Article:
Israel’s version of a nuclear grand bargain that brings peace to the Middle East may be messier and more violent than what the Obama administration imagines can be accomplished through sanctions, blandishments, and the invocation of Barack Obama’s magic middle name.
But who can really argue with the idea of trading the Iranian nuclear bomb for a Palestinian state? Saudi Arabia would be happy. Egypt would be happy. Bahrain, Kuwait, and the United Arab Emirates would be happy. Jordan would be happy. Iraq would be happy. Two-thirds of the Lebanese would be happy. The Palestinians would go about building their state, and Israel would buy itself another 40 years as the only nuclear-armed country in the Middle East. Iran would not be happy.
But who said peace won’t have a price?
I suppose it’s possible to read this as a disinterested analysis of how Israel sees its rational interest. It doesn’t read that way to me. And the way Samuels tried to frame his analysis as one shared by Obama himself in his Friday column seems … actively misleading:
My analysis of how Israel might see its own rational self-interest was apparently shared by no less distinguished a neocon than President Obama. As Leon Panetta noted in my magazine article, perhaps his main job as secretary of defense was to restrain Israel from bombing Iran — by convincing them that America would do it for them, if Iran actually threatened to build a bomb.
Here’s what this paragraph convincingly establishes: Both Samuels and Obama believed that Israel was seriously considering a preemptive strike against Iran.
Here’s what this paragraph establishes in no way whatsoever: that Obama believed this because he recognized that such a strike would be in Israel’s “rational” interest, as defined by “superpower-client state theory.” In his Slate piece, Samuels notes that many observers believed Israel would launch a strike precisely because its political leaders were irrational. In fact, the whole premise of Samuels’s Slate article was that the idea of a “rational” Israeli attack was a contrarian one, or, as Samuels himself describes it, “intentionally provocative.”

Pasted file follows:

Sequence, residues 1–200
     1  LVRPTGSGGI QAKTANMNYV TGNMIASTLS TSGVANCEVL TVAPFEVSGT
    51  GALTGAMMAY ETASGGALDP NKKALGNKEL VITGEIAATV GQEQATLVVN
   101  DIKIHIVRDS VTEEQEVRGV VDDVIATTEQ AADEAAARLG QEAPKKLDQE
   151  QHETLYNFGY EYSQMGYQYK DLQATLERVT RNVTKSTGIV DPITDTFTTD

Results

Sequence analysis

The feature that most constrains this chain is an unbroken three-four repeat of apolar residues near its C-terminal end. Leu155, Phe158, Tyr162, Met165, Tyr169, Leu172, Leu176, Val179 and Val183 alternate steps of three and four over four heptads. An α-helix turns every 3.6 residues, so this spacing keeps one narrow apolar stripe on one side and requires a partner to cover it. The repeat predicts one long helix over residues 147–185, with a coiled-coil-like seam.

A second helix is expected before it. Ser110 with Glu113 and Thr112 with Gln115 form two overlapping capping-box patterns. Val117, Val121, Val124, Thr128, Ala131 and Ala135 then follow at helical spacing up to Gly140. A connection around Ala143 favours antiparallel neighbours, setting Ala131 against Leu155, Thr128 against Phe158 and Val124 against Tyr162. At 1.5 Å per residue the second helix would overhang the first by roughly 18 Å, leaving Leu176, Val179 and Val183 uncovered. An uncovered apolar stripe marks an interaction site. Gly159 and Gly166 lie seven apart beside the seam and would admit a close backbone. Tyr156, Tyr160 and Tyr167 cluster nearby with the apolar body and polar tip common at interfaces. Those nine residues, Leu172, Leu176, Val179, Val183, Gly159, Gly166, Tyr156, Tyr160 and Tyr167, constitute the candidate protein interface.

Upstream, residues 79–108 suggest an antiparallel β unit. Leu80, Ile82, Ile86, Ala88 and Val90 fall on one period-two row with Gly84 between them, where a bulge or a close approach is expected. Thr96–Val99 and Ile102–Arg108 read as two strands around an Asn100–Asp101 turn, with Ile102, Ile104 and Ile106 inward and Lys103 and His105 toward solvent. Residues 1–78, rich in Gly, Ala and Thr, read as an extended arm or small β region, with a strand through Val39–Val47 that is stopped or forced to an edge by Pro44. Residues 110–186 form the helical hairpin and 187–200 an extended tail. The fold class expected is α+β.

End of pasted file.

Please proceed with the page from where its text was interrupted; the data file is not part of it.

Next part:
And, obviously, the fact that Obama worked to prevent Israel from launching a strike suggests that his administration completely rejects Samuels’s broader analysis — that such an attack would actually create a more peaceful and stable Middle East. True, Samuels does not specifically claim that Obama backed this part of his argument. But he argues that his analysis wasn’t nearly as contentious as his critics claim by suggesting that Obama’s actions testified to its veracity. That suggestion is wildly misleading.
As for his remarks at that panel discussion about why the Iran deal was bad: Samuels explains that he was participating not as a neoconservative pundit, but as a journalist who had done extensive reporting on nuclear weapons. It’s true that, at one point in the discussion, he argued that the deal would unleash a potentially disastrous wave of nuclear proliferation — but he did so while assuming the hypothetical that this deal would undermine “existing nonenrichment standards.”
When it comes to the actual deal that was ultimately negotiated, Samuels says he is a tentative supporter. But he doesn’t explain why he believed his alarmist hypothetical to be plausible in April 2015. At that time, Iran had publicly agreed to a framework that required the nation to restrict its uranium enrichment to 3.67 percent for 15 years (bomb-grade uranium requires enrichment of above 90 percent).